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Intentional Torts and Defenses (General)
Terms in this set (55)
Intentional Torts; Three Elements - The plaintiff is required to prove
The defendant must have the state of mind that directed the physical movement.
Defendant acts with the purpose of causing the consequence; OR
Defendant acts knowing the consequence is substantially certain to occur.
Children and Mentally Incompetent
CAN be held liable for intentional torts if they act with the requisite intent.
Defendant's conduct was a substantial factor in creating the harm.
Defendant causes a harmful or offensive contact with the person of another; AND
Acts with the intent to cause that contact OR the apprehension of that contact.
No battery if there is EXPRESS or IMPLIED consent.
Causes an injury, physical impairment, pain, or illness.
A person of ORDINARY SENSIBILITIES (reasonable person) would find the contact offensive.
Defendant might be liable if AWARE that victim is hyper-sensative but acts nonetheless.
Plaintiff's Person (Battery)
Contact with anything connected to the plaintiff's person qualifies as contact with the person.
Eggshell Plaintiff Rule (Battery)
Defendant is NOT required to foresee the extent of the damages to be liable for all damages.
Damages (Battery and Proof of Actual Harm; Can nominal damages be recovered?)
No proof of actual harm is required. Nominal Damages can be recovered.
Punitive Damages (Battery)
Many states allow punitive damages if the defendant acted:
With malice (i.e., wrongful motive); OR
Plaintiff's reasonable apprehension of an imminent harmful or offensive bodily contact caused by the defendant.
Defendant must act with the intent to either cause:
That apprehension; or
The contact itself
Plaintiff's Apprehension (Assault)
Must be reasonable.
Plaintiff must be aware of or have knowledge of the defendant's act.
Actual fear is NOT required--only reasonable apprehension of an imminent contact.
Must be without significant delay;
Threats of future harm are not sufficient.
No proof of actual damages is required.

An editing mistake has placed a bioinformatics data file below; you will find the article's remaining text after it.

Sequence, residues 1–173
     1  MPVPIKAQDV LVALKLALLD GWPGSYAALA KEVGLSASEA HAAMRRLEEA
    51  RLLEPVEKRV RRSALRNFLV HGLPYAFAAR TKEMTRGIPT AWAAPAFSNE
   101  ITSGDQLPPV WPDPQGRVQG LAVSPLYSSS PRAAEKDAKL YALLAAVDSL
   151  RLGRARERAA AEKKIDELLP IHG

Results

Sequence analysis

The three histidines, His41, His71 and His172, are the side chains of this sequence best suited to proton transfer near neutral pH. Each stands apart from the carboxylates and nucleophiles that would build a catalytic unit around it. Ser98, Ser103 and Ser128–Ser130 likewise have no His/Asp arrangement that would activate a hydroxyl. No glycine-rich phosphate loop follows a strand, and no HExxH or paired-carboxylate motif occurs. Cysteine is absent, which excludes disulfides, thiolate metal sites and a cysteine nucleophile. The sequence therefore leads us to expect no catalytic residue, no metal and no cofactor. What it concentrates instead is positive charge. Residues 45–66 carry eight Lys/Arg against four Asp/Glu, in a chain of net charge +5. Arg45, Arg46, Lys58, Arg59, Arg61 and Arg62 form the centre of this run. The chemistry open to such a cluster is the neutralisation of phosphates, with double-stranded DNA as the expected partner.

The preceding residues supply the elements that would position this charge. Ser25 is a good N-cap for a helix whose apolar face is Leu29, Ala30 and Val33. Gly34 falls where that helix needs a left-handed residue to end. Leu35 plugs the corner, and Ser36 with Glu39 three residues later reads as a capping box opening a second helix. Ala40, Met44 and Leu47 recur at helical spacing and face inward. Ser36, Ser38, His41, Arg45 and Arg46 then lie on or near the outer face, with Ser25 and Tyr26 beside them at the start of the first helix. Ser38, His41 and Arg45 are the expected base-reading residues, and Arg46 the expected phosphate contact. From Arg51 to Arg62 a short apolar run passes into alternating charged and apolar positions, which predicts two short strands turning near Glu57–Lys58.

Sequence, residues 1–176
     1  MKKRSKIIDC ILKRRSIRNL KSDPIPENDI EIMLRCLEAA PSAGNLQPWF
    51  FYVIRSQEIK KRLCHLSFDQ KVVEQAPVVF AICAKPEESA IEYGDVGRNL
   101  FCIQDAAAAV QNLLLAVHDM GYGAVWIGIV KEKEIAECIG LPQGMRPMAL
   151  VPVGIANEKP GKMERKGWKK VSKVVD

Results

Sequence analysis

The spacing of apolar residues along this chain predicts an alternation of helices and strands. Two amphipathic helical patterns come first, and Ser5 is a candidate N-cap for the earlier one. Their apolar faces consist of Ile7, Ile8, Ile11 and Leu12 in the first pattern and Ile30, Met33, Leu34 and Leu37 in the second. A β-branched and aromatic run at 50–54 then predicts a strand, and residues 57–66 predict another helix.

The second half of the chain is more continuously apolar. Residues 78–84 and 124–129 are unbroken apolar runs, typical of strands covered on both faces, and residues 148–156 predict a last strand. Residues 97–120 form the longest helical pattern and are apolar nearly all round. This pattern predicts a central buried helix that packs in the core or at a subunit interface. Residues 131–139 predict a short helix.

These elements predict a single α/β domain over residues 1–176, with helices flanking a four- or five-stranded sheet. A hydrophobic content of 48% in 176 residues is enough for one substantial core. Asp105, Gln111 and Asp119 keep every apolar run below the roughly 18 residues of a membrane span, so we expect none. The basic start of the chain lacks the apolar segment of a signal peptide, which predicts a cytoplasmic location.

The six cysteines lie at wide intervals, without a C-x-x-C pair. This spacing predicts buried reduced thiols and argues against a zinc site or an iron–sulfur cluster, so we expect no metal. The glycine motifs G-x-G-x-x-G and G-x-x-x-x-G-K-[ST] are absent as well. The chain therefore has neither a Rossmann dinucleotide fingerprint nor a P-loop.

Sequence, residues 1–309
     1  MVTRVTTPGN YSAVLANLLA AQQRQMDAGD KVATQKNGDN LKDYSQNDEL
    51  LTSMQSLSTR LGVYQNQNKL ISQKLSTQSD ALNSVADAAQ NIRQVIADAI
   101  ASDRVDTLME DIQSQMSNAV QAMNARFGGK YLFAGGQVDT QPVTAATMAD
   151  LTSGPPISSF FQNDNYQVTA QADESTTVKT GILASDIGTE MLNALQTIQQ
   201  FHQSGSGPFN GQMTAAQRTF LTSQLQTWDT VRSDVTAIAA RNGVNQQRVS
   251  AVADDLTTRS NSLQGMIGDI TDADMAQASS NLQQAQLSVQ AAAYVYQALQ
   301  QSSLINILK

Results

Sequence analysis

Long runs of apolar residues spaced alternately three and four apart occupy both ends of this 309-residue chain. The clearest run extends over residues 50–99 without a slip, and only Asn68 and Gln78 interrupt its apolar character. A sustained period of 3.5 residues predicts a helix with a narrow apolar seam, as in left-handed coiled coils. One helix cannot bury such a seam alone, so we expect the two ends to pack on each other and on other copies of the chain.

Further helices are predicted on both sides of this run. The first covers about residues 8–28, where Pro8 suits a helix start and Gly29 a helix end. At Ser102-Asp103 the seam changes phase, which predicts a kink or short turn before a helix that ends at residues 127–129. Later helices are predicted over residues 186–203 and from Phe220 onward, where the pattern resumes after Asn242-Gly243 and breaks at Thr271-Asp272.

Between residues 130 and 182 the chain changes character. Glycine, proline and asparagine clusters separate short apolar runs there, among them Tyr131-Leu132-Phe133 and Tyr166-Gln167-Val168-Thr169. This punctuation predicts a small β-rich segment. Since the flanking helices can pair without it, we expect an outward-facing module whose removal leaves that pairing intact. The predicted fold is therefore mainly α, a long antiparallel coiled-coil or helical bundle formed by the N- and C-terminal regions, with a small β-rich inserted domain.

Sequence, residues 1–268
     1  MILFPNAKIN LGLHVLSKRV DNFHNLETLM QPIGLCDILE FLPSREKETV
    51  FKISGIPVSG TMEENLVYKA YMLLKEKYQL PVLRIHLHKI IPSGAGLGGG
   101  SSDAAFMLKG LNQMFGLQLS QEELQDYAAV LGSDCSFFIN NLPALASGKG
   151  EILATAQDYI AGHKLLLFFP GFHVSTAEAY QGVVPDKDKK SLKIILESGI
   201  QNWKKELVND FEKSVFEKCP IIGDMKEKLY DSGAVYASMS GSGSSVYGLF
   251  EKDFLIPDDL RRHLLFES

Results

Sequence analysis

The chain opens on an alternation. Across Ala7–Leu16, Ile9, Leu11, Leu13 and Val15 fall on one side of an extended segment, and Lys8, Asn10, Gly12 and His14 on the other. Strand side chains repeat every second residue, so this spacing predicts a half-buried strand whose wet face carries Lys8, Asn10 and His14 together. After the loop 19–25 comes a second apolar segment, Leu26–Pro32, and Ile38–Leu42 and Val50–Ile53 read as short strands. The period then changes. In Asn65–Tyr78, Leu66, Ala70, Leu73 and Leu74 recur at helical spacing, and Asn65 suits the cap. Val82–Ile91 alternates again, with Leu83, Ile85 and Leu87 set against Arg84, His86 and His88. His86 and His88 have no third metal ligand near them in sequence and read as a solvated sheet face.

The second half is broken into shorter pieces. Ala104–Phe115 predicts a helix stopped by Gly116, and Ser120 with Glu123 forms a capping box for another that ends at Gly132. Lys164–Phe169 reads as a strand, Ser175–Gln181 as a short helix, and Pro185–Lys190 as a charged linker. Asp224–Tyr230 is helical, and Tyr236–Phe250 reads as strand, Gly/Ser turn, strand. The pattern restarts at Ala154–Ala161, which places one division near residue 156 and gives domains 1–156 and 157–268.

Plaintiff can recover nominal damages.
Plaintiff can also recover damages from physical harm flowing from the imminent apprehension (e.g., plaintiff suffers a heart attack).
A defendant is liable for INTENTIONALLY or RECKLESSLY acting with EXTREME or OUTRAGEOUS conduct that causes the plaintiff severe emotional distress. (Courts are hesitant to recognize this tort).
The defendant must intend to cause severe emotional distress or at least be reckless as to the risk of causing extreme emotional distress.
Extreme or Outrageous Conduct (IIED)
Exceeds the limits of common decency so as to be intolerable to society. Mere insults, indignities, or threats are NOT enough.
COURTS ARE MORE LIKELY TO FIND CONDUCT OR LANGUAGE TO BE EXTREME OR OUTRAGEOUS IF:
1. DEFENDANT IS IN A POSITION OF AUTHORITY OR INFLUENCE OVER THE PLAINTIFF; OR
2. PLAINTIFF IS A MEMBER OF A GROUP THAT HAS A HEIGHTENED SENSITIVITY.
Conduct Directed toward Third Party (IIED)
Conduct directed at third-party victim, not the person who suffers the distress.
>>>If conduct is directed at a member of the victim's immediate family who is present at the time of the conduct, and the defendant is aware of that presence, then that person can be liable, whether or not there has been physical injury.<<<
>>>If there is a bystander who is present at the time of the conduct and the defendant is aware of that bystander's presence, and that bystander suffers distress that results in bodily injury, then that person can be liable.<<<
Severe Emotional Distress (IIED)
Plaintiff must prove severe emotion distress beyond what a reasonable person could endure.
Physical injury is NOT required (except in the case of a bystander other than a family member).
Defendant acts intending to confine or restrain another within boundaries fixed by the defendant;
The actions DIRECTLY OR INDIRECTLY result in confinement; and
Plaintiff is aware of the confinement OR harmed by it.
A shopkeeper can detain a suspected shoplifter without being considered false imprisonment.
Intent (False Imprisonment)
Defendant must act:
With the purpose of confining the plaintiff; or
With knowledge that the plaintiff's confinement is substantially certain to result.
Confinement due to defendant's negligence
Defendant will NOT be liable under the intentional tort of false imprisonment (could be liable under negligence).
Damages (False Imprisonment)